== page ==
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When should I get my next dose of Covid-19 vaccine in Sweden?

Covid-19 has not been classified as a "critical threat to society" in Sweden since April. But the Swedish Public Health Agency still recommends that everyone aged 12 and above get vaccinated. So when should you get your next dose?

When should I get my next dose of Covid-19 vaccine in Sweden?

As winter approaches, it’s a good time to check that you’re up to date on your booster shots.

If you’re aged 12 or older, the agency recommends that you should at least have completed your primary dose of the vaccine, which comprises two shots. Because vaccine efficacy wanes over time, if you are aged 18 and above, you should have already had your third dose.

The booster dose, called a påfyllnadsdos, can be administered a minimum of four months after the primary dose or the most recent booster. A booster shot is recommended even if you have tested positive for Covid-19 since your most recent vaccination, because the protection offered by a vaccine is more reliable than that offered by an infection.

The agency has also warned that the Omicron BA.5 variant spreads more easily than previous Covid-19 mutations.

Deliveries of two of the new vaccines targeting the new variant, Comirnaty Original/Omicron BA.1 and Spikevax bivalent Original/Omicron BA.1, have arrived in Sweden but have not yet reached all health regions, meaning it is not certain that if you will currently receive the updated vaccine. 

A third vaccine, an adapted version of the mRNA Covid-19 vaccine Comirnaty (Pfizer/BioNTech), is expected to arrive in Sweden in October.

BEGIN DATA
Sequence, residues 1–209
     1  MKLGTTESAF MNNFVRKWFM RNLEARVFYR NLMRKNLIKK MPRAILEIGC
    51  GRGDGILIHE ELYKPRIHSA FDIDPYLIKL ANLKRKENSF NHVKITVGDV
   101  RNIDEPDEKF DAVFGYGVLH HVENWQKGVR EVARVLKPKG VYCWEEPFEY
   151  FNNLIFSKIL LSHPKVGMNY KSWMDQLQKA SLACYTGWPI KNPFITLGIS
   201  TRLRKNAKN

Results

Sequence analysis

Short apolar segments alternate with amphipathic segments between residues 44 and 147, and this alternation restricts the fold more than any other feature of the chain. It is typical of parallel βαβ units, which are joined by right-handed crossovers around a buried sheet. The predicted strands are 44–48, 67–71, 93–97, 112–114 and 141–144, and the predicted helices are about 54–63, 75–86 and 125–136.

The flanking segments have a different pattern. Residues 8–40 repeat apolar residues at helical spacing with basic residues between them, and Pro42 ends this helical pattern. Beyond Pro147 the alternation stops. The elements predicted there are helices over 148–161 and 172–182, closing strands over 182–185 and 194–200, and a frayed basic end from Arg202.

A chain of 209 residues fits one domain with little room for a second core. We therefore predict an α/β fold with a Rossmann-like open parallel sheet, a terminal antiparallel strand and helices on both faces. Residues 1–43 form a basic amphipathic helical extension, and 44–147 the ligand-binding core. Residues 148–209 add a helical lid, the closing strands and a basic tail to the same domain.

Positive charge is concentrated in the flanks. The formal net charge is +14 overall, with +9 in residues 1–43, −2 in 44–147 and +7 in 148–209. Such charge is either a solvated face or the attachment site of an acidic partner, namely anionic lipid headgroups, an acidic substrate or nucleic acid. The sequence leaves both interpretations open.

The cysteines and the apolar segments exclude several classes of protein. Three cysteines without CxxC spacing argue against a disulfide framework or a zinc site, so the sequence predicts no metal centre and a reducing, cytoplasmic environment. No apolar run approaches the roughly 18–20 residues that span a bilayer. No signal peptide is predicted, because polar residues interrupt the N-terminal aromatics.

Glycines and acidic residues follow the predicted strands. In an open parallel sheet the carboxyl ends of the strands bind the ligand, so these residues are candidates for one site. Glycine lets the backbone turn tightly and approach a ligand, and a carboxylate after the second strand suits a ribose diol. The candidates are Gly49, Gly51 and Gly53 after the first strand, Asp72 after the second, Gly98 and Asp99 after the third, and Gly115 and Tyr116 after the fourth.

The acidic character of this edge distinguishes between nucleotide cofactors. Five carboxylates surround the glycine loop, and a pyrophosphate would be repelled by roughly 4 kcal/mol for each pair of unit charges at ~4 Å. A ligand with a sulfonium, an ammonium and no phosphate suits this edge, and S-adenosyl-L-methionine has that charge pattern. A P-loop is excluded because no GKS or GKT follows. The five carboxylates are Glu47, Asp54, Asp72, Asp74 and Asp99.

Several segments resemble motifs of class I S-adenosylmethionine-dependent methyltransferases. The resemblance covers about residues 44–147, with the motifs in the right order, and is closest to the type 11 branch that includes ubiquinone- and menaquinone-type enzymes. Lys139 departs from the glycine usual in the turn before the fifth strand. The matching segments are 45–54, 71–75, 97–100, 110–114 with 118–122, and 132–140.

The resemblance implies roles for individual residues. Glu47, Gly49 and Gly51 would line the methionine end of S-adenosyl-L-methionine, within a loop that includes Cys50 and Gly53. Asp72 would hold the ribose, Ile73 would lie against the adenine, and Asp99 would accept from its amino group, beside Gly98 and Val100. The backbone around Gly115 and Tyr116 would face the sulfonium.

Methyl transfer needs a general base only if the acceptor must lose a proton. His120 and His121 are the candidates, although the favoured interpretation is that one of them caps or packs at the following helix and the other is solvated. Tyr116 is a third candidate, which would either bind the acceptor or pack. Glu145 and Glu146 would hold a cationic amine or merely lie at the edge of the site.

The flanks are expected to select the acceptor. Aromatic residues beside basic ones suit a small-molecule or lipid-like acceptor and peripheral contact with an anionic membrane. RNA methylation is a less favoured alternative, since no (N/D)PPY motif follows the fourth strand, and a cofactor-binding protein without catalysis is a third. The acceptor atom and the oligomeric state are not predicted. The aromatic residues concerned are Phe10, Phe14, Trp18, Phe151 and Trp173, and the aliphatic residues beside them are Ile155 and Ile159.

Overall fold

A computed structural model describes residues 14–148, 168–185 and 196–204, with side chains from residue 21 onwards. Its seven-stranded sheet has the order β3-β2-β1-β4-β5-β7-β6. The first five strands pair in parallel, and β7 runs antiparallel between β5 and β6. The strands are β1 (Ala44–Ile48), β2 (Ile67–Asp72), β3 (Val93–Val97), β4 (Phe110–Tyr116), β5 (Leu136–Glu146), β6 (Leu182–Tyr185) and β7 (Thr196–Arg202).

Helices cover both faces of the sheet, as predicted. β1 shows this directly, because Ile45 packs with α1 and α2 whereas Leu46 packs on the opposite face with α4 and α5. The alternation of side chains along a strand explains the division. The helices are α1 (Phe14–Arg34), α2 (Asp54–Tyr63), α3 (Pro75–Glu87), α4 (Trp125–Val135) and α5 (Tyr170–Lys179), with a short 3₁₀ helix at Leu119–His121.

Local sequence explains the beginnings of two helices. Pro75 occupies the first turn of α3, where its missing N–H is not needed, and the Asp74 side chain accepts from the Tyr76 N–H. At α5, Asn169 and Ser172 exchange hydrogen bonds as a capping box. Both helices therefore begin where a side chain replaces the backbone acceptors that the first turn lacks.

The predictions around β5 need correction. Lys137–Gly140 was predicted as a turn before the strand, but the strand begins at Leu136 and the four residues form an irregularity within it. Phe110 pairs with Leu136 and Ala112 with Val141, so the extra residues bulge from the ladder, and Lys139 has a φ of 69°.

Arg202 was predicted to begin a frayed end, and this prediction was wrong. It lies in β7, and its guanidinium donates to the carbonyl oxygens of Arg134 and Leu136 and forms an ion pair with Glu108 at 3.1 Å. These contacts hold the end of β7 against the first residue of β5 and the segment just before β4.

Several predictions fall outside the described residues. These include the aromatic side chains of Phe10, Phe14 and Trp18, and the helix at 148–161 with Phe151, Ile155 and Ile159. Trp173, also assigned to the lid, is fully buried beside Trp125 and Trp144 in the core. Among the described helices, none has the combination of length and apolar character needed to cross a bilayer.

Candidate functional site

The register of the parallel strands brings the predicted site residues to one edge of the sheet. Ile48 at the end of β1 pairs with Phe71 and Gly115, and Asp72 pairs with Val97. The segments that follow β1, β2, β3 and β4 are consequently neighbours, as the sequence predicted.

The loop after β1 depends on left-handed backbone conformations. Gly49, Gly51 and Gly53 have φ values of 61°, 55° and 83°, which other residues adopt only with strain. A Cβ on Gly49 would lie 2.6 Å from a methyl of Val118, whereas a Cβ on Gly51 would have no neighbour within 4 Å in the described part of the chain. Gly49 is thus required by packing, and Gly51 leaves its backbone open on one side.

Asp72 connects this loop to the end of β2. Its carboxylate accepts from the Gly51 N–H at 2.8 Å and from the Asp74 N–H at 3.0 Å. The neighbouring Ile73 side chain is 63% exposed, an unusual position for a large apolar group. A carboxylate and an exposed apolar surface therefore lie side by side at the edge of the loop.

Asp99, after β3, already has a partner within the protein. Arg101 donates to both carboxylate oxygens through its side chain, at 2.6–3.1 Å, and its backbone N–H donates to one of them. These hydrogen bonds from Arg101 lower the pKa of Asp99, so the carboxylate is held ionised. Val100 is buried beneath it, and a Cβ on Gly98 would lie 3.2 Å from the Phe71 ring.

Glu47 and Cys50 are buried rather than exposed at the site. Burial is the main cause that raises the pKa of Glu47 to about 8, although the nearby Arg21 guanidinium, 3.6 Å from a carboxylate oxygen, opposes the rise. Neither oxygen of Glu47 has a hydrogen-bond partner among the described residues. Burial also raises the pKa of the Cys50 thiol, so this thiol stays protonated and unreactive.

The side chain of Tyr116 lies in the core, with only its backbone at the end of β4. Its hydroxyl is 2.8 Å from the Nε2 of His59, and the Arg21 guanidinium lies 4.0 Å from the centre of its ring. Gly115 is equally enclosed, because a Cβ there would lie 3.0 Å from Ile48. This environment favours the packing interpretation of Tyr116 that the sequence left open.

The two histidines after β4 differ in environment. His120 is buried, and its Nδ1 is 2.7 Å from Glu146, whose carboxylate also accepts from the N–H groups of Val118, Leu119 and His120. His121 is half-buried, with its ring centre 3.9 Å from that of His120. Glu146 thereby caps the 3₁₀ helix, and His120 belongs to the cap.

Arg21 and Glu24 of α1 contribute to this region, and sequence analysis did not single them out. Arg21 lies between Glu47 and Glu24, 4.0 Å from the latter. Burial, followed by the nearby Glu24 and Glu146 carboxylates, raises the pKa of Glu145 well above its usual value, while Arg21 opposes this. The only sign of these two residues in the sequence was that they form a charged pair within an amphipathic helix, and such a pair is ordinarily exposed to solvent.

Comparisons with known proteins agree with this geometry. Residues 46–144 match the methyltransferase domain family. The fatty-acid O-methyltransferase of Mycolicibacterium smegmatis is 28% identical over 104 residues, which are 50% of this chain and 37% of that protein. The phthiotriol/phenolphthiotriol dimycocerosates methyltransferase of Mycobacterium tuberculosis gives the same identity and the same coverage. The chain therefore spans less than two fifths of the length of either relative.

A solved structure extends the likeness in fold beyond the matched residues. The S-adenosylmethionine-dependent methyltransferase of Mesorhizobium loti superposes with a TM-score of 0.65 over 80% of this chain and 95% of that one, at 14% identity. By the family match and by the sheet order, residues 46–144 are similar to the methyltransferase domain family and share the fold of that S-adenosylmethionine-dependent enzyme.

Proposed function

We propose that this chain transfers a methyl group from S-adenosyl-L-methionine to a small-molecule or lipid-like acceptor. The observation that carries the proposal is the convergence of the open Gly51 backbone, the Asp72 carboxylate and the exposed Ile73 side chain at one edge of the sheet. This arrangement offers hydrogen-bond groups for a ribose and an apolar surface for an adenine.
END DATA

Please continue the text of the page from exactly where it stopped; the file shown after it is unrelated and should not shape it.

READ ALSO: When will the new Covid-19 vaccines be available in Sweden?

The höstdosen, or “autumn vaccine”

On September 1, the agency issued new guidelines for a höstdosen, or autumn vaccine dose.

During the campaign, all adults aged 18 and over who belong to an at-risk group are recommended to get a booster dose, as are seniors aged 65 and above. 

Risk categories include people who are pregnant, have a weakened immune system, have heart and lung diseases, or have Down syndrome.

You can get the autumn booster regardless of how many vaccine doses you may have received, which means it might be a fourth shot for some people, and a fifth for others.

The autumn vaccine is also available for those aged 18-64 who do not fall into any of the at-risk categories but would like a fourth dose. The Swedish Public Health Agency has said that regional health providers must make booster doses available to those who want them.

Chart showing recommended vaccination schedules. Chart: Folkhälsomyndigheten

Chart showing recommended vaccination schedules. Chart: Swedish Public Health Agency

How do I get an appointment for the autumn dose? 

Region Stockholm has been offering appointments for an autumn vaccination to everyone over 18 since September 12th. You can book a dose through the Alltid Öppet app

In Region Skåne, the region responsible for healthcare in Malmö and Lund, appointments for an autumn vaccine have been available since August 22nd. Appointments are available for vaccinations in Region Stockholm, as are drop-in times at locations listed on

In Region Västergötland, the region responsible for healthcare in Gothenburg, health centres, or vårdcentraler, are prioritising people aged 80 and older.

Those in other categories, including at-risk adults 18 and older and seniors over 65, are requested to make their vaccination appointments with other providers through